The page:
Climate change will lead to a ripple effect of chemical changes in ocean systems that will affect all habitats, organisms and humans by 2100. The conclusion reached by researchers from the University of Hawaii at Manoa after analyzing other aspects of marine ecosystems, such as the depletion of oxygen, states “that no corner of the world ocean will be untouched by climate change by 2100.”
While other models focus on well-known effects of climate change like ocean warming and ocean acidification, there are still other aspects of marine ecosystems that will be affected, according to the research, which was published in the journal PLOS Biology. Scientists from UH Manoa worked with an international group of oceanographers to develop this model of marine ecosystems. Some of the data used by the researchers came from the most recent report by the Intergovernmental Panel on Climate Change.
Changes in temperature, pH and oxygen were factored into the new models and run through two scenarios, a “business-as-usual” one that saw atmospheric carbon dioxide levels reaching 900 parts per million, and another that saw, through an immediate and concentrated effort to reduce CO2 emissions, CO2 levels rising to 550 ppm. The current CO2 level is at 393.31 ppm.
Based on the two scenarios, the researchers discovered that nearly all of the global ocean will be affected by climate change, save for small sections near the polar caps. According to the study, different levels of ocean warming, acidification, oxygen depletion and productivity shortfall, or lack of phytoplankton and other microorganisms necessary for photosynthesis, will affect the global ocean all at once. Specifically, researchers saw an increase in surface temperature ranging from 1.2 degrees Celsius to 2.6 degrees Celsius, a 2 to 4 percent decrease in dissolved oxygen, a decrease in phytoplankton production by 4 to 10 percent of current values, and a pH decrease of 0.15 to 0.31, notes the university.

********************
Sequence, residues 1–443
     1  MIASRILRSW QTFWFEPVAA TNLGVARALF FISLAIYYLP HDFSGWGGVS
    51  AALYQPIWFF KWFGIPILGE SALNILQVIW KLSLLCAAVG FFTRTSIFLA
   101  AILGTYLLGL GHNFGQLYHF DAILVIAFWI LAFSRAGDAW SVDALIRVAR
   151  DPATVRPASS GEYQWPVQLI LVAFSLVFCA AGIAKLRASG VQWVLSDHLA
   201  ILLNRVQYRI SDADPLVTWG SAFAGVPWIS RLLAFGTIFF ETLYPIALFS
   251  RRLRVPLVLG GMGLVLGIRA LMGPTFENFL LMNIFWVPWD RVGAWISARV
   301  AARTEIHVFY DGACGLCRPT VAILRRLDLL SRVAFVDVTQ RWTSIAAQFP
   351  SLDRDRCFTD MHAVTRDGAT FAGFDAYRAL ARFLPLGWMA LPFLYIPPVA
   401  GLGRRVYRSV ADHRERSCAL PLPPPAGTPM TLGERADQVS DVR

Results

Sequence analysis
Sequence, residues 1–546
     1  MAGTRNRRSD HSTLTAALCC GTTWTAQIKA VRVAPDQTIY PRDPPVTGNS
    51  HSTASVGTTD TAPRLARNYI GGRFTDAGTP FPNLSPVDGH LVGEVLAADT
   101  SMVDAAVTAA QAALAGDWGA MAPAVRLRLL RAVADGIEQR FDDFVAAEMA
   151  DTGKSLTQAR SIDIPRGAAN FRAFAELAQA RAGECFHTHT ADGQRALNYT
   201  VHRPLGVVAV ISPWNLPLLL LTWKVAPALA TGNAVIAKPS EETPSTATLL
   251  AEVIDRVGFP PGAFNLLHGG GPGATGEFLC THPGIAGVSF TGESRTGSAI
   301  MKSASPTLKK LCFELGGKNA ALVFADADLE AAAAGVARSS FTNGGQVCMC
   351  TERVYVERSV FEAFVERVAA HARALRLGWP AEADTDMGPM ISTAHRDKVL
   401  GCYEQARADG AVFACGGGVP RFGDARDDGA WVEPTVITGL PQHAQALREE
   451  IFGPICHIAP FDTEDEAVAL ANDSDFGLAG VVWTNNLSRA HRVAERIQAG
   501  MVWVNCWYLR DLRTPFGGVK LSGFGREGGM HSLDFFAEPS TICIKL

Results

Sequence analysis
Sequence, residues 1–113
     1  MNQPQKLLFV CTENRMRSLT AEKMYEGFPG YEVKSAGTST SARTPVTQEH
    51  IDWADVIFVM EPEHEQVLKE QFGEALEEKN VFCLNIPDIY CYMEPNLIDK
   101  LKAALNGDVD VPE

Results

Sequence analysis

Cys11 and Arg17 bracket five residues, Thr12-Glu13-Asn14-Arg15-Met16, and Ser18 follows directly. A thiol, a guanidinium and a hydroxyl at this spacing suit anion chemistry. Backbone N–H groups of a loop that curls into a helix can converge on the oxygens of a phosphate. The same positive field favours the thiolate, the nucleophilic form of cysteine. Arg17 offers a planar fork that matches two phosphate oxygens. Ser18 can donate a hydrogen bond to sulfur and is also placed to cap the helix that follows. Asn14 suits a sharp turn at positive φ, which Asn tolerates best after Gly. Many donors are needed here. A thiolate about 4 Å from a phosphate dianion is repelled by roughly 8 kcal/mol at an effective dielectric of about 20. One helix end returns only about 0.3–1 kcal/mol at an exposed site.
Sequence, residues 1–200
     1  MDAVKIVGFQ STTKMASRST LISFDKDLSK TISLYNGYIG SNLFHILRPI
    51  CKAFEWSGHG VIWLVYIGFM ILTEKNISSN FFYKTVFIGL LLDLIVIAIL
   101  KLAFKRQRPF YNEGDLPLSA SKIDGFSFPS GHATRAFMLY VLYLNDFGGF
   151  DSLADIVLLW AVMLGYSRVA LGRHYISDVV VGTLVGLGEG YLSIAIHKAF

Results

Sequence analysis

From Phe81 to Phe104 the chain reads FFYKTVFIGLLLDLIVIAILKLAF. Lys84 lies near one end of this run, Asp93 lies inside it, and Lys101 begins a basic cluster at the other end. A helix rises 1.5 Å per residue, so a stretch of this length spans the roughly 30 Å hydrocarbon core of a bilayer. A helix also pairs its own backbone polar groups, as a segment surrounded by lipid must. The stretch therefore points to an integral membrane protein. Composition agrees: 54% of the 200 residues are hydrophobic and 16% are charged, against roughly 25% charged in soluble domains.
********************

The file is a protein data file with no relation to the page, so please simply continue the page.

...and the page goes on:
Deep-sea habitats will be less affected than other habitats, such as coral reefs. A previous study from the researchers concluded climate change will affect the tropics first, followed by the polar regions.
In the polar regions, there may be some increase in oxygen and productivity, but invasive species already migrating to these waters will cancel out any potential benefits for humans in the future.
Lead author Camilo Mora, from UH Manoa, said in a statement, “The consequences of these co-occurring changes are massive — everything from species survival, to abundance, to range size, to body size, to species richness, to ecosystem functioning are affected by changes in ocean biogeochemistry.”
The researchers note the global nature of the study as it analyzed 32 marine habitats while factoring in economic and societal impact as a result of the changing oceans.
As oceans change so too will human activity, such as tourism and fishing, which could affect local economies and up to 870 million people. The university notes, “470 to 870 million of the world’s poorest people rely on the ocean for food, jobs and revenues, and live in countries where ocean goods and services could be compromised by multiple ocean biogeochemical changes.”
Charles Poladian joined IBTimes in October 2012 and, when not reporting on all things topical, can be found reading or photographing concerts.